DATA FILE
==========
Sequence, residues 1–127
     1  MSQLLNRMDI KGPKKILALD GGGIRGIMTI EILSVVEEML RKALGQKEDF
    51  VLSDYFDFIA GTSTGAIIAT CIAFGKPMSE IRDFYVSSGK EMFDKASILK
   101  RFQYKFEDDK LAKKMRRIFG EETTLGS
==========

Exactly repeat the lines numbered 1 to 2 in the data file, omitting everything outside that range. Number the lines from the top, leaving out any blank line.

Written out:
Sequence, residues 1–127
     1  MSQLLNRMDI KGPKKILALD GGGIRGIMTI EILSVVEEML RKALGQKEDF